On Duolingo, I was asked to construct the sentence, "Dad always has questions." The correct answer was "У папы всегда есть вопросы." I got it wrong since I left out есть but I was wondering if this would be wrong 100% of the time or not. Like let's say I'm annoyed that he's always asking questions. Or... if there's any other way to construct that same sentence. It's said that Russian has less structure than other languages overall, but thus far Duolingo's sentences are pretty structured. Any advice/examples on flexibility to feed my curiosity? Thanks!

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    У папы ВСЕГДА вопросы (with the logical stress ) is OK. – V.V. Dec 29 '16 at 6:12

In the majority of cases it's actually not wrong to omit word "есть" and your particular example it is indeed completely acceptable to say just "У папы всегда вопросы".

In Russian whenever you can use "есть" (in sense to have) / "имеется" + noun you can omit this verb for affirmation. Examples:

  • У меня есть билет на концерт / у меня билет на концерт
  • Там есть еда / там еда

It's getting more complicated for questions: Там еда? is acceptable but есть там еда? is used more often.

Also, if affirmative sentence starts with есть it can not be omitted. One can not just say что выпить? instead of есть что выпить?.

This is intentionally simplified, there are some constructions that de-facto are used more often with есть than without it, but I believe this is enough for understanding basic usage.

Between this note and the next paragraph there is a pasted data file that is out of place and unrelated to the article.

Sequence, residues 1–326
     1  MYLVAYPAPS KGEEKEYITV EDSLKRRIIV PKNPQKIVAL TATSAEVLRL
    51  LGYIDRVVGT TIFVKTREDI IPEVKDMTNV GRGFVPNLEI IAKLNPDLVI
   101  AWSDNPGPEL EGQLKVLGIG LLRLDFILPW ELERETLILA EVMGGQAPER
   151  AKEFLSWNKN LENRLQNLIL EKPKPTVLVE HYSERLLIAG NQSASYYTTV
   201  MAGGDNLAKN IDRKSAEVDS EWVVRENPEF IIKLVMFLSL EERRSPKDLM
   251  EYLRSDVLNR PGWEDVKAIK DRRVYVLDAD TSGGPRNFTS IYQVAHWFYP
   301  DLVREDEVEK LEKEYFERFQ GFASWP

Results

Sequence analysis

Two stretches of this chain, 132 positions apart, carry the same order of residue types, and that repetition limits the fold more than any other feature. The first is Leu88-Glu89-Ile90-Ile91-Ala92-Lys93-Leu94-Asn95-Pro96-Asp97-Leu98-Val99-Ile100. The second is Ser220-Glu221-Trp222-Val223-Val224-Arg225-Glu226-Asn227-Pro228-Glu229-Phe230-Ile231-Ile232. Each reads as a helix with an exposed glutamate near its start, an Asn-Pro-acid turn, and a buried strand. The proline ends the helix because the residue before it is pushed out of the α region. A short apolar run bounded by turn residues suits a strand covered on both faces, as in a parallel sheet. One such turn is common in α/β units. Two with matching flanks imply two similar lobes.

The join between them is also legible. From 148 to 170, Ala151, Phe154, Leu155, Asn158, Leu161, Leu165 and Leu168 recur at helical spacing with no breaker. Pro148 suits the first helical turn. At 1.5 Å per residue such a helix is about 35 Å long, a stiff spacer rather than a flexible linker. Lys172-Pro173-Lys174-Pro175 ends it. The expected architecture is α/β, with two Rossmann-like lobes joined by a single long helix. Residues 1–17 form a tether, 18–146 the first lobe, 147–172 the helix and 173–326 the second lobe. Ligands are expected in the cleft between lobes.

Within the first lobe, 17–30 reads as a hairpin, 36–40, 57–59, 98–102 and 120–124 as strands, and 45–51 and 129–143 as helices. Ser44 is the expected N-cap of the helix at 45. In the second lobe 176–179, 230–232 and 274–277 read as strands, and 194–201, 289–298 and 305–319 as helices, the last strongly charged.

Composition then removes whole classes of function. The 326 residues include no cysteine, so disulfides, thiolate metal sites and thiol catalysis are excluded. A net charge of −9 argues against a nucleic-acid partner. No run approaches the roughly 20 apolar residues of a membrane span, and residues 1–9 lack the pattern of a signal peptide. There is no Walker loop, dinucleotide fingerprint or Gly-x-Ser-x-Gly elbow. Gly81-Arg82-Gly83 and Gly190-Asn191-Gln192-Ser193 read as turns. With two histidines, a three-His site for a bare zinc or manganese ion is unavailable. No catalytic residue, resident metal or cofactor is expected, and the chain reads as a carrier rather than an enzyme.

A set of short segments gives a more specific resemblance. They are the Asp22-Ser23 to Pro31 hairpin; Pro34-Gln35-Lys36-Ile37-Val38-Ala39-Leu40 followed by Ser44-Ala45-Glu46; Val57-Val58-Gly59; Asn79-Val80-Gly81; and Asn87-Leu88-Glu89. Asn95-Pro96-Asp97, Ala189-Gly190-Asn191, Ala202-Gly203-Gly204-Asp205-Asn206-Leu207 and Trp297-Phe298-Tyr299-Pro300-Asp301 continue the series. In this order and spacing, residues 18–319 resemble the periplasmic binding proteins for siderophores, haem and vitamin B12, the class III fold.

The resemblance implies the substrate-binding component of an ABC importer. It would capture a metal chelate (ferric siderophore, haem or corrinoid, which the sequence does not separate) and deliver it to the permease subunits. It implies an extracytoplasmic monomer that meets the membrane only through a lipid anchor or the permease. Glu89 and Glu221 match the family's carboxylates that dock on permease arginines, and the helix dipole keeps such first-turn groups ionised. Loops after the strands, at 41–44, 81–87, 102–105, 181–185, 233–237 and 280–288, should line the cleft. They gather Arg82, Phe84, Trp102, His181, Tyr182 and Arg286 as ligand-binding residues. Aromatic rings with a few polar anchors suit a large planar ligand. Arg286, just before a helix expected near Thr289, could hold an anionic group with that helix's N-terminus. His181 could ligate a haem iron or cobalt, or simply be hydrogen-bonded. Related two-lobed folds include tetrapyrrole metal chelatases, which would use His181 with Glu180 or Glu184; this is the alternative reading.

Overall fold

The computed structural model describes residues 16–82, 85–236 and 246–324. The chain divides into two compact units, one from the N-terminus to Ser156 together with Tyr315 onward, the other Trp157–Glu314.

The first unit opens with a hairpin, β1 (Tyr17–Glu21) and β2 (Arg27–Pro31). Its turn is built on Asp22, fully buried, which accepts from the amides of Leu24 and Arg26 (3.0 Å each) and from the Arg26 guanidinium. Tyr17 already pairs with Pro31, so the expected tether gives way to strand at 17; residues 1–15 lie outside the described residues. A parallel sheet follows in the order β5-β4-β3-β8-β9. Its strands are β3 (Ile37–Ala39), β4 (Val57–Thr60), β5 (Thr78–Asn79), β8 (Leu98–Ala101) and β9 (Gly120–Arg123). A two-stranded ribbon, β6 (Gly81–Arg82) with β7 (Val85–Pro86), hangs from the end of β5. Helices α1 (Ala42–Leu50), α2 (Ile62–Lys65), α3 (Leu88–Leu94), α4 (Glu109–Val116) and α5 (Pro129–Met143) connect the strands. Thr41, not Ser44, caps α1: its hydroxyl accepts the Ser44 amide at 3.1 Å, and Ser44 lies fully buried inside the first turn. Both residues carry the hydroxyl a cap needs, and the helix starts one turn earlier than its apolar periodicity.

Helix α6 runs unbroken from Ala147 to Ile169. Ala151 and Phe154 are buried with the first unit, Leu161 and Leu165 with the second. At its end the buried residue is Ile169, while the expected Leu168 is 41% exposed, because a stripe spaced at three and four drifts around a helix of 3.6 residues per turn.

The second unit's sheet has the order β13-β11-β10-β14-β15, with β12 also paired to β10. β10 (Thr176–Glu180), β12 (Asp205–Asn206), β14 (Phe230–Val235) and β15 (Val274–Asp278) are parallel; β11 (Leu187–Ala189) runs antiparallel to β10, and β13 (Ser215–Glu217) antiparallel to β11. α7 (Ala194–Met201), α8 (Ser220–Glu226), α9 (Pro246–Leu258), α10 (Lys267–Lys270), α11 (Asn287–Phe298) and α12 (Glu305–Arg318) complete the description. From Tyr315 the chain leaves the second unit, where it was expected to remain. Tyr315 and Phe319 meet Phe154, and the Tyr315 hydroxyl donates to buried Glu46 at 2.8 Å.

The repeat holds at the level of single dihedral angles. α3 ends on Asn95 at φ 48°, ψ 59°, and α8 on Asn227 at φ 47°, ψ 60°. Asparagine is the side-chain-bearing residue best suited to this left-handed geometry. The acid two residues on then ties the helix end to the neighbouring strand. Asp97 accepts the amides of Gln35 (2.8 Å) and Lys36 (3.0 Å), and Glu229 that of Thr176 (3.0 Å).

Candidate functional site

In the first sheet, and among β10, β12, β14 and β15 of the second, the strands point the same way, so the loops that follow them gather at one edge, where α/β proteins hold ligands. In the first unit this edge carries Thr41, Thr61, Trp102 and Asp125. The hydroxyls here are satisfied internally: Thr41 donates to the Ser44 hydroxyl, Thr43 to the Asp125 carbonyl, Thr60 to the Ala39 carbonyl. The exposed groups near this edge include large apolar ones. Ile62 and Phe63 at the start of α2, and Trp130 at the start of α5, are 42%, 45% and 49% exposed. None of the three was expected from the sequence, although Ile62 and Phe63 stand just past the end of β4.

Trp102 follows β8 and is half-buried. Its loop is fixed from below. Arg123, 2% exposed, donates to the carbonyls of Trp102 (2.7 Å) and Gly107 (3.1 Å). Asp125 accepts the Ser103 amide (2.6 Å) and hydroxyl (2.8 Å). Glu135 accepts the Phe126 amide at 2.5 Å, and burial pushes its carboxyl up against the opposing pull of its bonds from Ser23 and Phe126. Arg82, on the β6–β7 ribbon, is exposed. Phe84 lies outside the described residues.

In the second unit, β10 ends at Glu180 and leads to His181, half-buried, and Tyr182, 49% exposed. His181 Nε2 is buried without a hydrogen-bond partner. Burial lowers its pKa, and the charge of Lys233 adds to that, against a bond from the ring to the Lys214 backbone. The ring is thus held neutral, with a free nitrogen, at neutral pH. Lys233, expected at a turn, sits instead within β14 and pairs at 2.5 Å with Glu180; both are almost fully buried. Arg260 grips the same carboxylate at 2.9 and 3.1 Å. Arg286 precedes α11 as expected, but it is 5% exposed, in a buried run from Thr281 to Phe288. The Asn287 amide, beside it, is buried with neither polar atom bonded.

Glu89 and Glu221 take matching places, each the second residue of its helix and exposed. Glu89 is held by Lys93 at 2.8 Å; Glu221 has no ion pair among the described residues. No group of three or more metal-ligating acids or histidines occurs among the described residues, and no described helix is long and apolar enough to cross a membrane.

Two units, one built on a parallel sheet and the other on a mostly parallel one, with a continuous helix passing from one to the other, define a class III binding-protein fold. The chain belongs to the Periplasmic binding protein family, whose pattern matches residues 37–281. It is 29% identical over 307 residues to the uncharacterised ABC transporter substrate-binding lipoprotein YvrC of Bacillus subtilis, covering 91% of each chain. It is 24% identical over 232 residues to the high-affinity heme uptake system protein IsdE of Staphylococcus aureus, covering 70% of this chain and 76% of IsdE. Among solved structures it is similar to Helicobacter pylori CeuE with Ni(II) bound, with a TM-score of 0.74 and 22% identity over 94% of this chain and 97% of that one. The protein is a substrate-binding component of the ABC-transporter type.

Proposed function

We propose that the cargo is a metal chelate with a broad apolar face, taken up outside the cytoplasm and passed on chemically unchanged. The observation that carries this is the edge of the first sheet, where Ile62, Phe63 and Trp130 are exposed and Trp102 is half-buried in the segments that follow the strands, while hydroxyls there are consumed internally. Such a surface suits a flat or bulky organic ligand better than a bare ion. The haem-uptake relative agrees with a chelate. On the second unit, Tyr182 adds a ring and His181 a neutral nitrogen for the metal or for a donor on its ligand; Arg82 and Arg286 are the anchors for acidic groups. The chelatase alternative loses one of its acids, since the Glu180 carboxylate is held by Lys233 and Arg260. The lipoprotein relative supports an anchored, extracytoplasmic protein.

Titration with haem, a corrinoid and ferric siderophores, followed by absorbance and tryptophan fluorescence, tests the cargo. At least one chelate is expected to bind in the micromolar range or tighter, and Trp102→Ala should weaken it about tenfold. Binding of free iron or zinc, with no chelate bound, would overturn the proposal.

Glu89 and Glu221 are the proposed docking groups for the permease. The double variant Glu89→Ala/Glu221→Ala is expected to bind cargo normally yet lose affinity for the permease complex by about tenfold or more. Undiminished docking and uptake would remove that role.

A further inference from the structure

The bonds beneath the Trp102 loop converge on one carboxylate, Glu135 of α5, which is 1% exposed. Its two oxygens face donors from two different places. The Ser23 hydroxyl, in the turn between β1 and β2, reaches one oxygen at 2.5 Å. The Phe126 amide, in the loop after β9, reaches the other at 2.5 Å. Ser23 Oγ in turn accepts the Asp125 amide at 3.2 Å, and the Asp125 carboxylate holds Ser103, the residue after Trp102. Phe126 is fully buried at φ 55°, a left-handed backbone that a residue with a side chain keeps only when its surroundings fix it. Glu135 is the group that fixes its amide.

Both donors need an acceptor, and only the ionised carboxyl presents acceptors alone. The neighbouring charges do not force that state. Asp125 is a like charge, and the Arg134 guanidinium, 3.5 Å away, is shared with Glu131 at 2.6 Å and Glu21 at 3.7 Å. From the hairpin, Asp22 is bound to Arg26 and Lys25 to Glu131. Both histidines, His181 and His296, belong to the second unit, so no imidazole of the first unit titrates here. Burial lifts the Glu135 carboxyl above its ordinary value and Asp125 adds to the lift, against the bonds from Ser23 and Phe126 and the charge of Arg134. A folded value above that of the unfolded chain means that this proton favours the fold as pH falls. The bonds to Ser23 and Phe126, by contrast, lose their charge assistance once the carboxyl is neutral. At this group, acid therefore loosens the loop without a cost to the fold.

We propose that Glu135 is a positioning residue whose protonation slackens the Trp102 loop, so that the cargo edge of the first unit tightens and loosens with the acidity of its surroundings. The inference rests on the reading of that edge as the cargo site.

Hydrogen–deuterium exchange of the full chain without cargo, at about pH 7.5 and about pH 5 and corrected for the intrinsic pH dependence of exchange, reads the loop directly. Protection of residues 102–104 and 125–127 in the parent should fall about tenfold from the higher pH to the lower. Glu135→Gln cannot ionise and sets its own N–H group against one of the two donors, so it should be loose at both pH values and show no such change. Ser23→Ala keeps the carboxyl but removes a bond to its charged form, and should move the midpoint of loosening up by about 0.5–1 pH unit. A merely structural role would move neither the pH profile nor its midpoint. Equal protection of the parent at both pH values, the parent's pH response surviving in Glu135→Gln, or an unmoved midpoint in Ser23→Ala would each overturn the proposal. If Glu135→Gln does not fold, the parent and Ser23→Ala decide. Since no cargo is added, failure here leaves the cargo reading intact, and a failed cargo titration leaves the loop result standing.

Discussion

Also it worth to mention that sometimes this есть is used for emotional amplification, some in some context у меня вопрос can sound like I have a question and у меня есть вопрос is something like I do have a question.

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    I think, in questions есть usually can't be omitted, because it's the main word there. If we omit it, we'll get a new question with a another meaning. Just like in your example Там еда? / Есть там еда?. These questions are not interchangeable, they are for different situations and require different answers. – Lara Dec 29 '16 at 16:54
  • +1 Although not incorrect per ce, omitting "всегда" renders the answer misleading. "У меня всегда билет на концерт" or "Там всегда еда" is hardly correct Russian. – Avi Gordon Dec 30 '16 at 15:22
  • 'Есть' in questions can be omitted when the question is not about existence. For example: ТАМ еда? (the stress is on the first word) - Is the food really there? Там ЕДА? (the stress is on the second word) - Is it really the food there? Там есть еда? - Is there some food? Only the last of three questions is about existence of food and requires the word 'есть'. – Vitaly Jan 5 '17 at 14:25
  • @Vitaly, in these examples есть is not "omitted", it just mustn't be there at all. As soon as we insert есть, any question transforms into a question about existence. If we change intonation accordingly, of course... and if we don't, we get a weird, dubious sentence, like ТАМ есть еда?. So, you and I are actually saying the same thing, but with different words. – Lara Jan 8 '17 at 15:00

I would say that when you use the word есть it underlines that he can have questions or reservations or doubts while not necessarily expressing them. He can keep the questions to himself for a time. On the other hand, without есть it more implies he asks the questions (not keeping to himself).

For instance:

У меня есть вопросы по поводу нового оборудования = I have reservations/doubts/questions about the new equipment (not necessary want to share them).

У меня вопросы по поводу нового оборудования = I want to ask questions about the new equipment.

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